Using the Health and Retirement Study (HRS), we analyzed the effects of diabetes on workforce participation and lost productivity. The HRS is a longitudinal survey designed to follow a national sample of U.S. adults born between 1931 and 1941 (and their spouses) as they make the transition from active working status into retirement. The HRS provides an excellent opportunity to overcome limitations with prior studies and to better estimate the impact of diabetes on economic productivity.
The HRS is a national longitudinal cohort study that is funded by the National Institute on Aging and is conducted by the Institute for Social Research at the University of Michigan (Juster and Suzman 1995). Approximately 70,000 households, obtained from an area probability sample, were screened to identify all age-eligible respondents (51 to 61 years of age). The HRS is a nationally representative survey of households, not of individuals. For example, if a spouse is outside of the age range specified in the study, they were still included in the dataset; therefore, the complete HRS dataset is not a perfectly representative sample of those 51 to 61 years of age at the time of the study. Thus, we restricted our analyses to the age-eligible population in the HRS.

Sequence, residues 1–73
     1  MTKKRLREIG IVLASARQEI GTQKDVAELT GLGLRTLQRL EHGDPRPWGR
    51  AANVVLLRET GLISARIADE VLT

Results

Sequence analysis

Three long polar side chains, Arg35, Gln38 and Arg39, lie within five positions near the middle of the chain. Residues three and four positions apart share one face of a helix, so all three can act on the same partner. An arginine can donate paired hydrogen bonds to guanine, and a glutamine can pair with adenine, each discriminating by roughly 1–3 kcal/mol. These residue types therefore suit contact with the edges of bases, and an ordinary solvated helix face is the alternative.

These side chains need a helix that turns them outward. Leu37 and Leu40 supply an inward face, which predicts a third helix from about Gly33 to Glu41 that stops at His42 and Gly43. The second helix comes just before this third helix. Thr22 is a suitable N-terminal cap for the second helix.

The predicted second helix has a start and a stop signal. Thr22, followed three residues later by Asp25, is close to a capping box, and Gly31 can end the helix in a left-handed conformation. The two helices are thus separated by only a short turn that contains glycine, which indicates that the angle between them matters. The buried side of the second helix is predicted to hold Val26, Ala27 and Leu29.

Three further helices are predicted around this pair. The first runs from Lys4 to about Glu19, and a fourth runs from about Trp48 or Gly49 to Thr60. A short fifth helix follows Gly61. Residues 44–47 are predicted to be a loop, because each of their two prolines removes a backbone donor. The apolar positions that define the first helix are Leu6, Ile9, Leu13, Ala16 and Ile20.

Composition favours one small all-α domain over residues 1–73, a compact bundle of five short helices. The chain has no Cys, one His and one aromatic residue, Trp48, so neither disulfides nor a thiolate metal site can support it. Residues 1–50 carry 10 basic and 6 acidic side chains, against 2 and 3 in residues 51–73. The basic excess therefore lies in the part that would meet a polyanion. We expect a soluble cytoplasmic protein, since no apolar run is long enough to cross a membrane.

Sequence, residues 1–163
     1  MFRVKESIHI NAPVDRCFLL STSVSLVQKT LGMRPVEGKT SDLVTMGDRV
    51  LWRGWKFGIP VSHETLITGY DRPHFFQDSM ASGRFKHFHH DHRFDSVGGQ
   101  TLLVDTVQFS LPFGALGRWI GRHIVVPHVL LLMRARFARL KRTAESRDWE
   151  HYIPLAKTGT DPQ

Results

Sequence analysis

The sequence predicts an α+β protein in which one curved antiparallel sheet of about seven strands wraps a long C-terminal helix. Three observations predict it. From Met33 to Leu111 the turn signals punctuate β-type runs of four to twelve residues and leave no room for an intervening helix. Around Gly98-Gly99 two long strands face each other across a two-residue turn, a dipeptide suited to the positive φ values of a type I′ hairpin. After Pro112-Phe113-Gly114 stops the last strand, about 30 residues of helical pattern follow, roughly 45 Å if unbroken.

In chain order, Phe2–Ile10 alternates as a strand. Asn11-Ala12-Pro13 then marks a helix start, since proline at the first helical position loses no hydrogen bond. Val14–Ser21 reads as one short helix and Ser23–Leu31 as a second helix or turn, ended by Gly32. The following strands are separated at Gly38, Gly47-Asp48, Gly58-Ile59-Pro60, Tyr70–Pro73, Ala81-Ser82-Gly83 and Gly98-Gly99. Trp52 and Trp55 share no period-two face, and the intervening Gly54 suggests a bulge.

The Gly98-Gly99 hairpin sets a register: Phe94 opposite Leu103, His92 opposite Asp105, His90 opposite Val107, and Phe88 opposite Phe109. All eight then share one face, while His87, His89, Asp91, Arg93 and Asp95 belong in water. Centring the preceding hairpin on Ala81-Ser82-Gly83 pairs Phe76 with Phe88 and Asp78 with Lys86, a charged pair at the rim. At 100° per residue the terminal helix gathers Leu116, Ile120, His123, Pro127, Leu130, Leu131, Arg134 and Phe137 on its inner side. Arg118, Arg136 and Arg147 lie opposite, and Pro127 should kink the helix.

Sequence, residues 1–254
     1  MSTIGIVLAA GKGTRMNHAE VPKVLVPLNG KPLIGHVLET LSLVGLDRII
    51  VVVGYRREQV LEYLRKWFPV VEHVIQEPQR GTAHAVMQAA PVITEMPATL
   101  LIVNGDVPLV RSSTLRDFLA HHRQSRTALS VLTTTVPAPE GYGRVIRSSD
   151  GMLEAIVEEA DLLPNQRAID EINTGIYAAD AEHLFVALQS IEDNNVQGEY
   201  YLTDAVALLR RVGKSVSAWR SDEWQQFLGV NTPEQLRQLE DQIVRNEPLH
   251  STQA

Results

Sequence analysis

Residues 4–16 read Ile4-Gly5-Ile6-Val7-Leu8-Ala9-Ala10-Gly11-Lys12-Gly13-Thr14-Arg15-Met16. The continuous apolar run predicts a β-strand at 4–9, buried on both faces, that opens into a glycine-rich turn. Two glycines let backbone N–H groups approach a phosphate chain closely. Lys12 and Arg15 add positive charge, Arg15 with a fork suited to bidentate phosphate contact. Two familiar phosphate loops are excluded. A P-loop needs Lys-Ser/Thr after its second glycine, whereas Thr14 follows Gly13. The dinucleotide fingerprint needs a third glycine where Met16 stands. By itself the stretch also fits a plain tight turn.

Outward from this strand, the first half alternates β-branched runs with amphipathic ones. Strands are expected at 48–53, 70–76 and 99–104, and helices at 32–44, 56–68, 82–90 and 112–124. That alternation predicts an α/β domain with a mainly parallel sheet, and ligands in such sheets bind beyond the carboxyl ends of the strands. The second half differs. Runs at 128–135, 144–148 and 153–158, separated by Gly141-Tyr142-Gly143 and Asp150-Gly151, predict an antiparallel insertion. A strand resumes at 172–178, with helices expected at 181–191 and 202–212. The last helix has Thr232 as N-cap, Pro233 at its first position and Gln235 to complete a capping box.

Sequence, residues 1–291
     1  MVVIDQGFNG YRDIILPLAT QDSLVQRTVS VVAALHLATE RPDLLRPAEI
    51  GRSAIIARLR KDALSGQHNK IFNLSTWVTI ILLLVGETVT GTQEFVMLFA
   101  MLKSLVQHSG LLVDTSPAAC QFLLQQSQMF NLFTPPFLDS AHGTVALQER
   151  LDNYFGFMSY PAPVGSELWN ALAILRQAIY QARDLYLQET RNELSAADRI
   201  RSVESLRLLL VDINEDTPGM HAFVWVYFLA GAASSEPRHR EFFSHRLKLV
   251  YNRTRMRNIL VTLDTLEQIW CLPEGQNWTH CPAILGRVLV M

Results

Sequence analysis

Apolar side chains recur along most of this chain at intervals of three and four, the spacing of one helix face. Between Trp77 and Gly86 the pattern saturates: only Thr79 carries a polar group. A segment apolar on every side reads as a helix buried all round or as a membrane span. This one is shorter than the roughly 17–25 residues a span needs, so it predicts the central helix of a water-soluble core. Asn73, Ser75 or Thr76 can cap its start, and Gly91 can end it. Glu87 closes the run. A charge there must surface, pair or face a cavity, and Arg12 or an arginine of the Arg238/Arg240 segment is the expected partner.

Census tracts containing a high density of African Americans and Florida residents were oversampled two to one. All spouses were interviewed regardless of age because of the frequency of dual-earner couples and the influence of spouses in the retirement decision. The overall response rate was 82 percent. Information was collected for domains including demographics, health status, housing, family structure, employment, work history, disability, retirement plans, net worth, income, and health and life insurance. To date, five waves of data collection have been completed; the first was in 1992, and the ensuing four waves were collected at two-year intervals through 2000 (Health and Retirement Study 2003).